Tim Allen of Lee & Allen, a London investigations firm, says: "People get to work in the morning, switch on their computer because they're on e-mail and leave it on for the entire day. It is monitoring everything from the moment you arrive to the moment that you leave."
City firms routinely record telephone calls - ostensibly in case dealing orders are queried by clients. Employees can never be quite certain whether someone is listening in.
The sensation of being watched extends to routine chores such as shopping or planning a holiday. Ring up for a brochure and you will be asked for your postcode. Give the postcode and they will tell you your street name. Where does it all come from?
There are four principal sources: the Post Office, for addresses and postcodes; BT for telephone numbers; the electoral register for matching names to properties; and Ordnance Survey for local street maps. The databases have been digitised, allowing computers to match and cross-reference details.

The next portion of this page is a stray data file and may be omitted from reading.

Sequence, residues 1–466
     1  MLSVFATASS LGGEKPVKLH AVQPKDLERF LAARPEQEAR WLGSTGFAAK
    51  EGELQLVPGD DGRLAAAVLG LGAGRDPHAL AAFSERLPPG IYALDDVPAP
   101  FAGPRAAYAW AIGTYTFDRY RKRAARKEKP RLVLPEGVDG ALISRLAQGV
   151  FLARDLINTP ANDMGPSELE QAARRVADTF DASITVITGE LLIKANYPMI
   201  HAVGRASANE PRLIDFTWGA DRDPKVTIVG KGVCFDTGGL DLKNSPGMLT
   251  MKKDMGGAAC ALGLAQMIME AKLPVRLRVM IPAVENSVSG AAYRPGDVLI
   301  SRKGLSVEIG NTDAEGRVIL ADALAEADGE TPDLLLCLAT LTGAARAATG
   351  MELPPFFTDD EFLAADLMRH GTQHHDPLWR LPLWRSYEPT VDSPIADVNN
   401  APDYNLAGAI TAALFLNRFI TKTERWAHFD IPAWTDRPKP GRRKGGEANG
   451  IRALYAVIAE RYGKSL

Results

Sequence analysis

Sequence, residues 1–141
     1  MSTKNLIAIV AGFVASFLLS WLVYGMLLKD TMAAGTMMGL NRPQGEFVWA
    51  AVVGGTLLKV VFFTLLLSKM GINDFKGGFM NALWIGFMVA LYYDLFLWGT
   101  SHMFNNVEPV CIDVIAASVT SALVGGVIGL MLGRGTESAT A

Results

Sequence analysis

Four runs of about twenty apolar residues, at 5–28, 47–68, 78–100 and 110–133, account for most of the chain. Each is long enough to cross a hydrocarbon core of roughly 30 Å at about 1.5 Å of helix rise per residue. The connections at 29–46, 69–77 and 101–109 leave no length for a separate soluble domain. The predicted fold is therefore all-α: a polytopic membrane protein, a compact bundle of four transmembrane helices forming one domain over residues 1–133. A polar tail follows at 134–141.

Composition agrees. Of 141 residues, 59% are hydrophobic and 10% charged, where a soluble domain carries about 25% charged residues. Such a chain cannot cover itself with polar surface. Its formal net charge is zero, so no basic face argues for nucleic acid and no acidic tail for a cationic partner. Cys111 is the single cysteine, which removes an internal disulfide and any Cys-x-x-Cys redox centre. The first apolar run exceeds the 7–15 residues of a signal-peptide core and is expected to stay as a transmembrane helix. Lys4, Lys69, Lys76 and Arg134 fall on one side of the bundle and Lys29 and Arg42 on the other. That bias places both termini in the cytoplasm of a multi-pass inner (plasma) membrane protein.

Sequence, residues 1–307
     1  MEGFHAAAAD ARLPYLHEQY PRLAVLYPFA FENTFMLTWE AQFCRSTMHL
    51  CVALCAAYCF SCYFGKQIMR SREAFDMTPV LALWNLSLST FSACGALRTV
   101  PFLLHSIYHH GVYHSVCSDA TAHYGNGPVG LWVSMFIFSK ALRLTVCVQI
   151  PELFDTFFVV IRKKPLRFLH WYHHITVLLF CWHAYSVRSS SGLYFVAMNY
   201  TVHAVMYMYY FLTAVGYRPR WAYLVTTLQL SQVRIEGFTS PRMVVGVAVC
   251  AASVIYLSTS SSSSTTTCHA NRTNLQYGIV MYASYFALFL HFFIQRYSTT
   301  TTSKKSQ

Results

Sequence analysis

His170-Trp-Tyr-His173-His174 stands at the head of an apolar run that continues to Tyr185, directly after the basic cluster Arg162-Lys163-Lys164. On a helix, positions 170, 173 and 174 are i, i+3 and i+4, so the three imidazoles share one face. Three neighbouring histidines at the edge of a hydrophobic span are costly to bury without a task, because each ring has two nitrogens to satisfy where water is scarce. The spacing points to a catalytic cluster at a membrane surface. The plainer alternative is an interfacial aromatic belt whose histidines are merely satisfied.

Millions of Britons sign up for store loyalty cards, allowing retailers to build an accurate picture of their spending habits. Which? magazine, which looked at loyalty cards last year, found widespread concern about what companies might do with the personal information on their files. The shops say they use it to help with marketing and buying strategies. However, names and addresses are sold on for use in mailshots. Companies which keep personal details on
computer must register with the Data Protection Registrar, which says: "Supermarkets do hold quite a detailed bank of information about customers. It is an area that we intend to keep an eye on."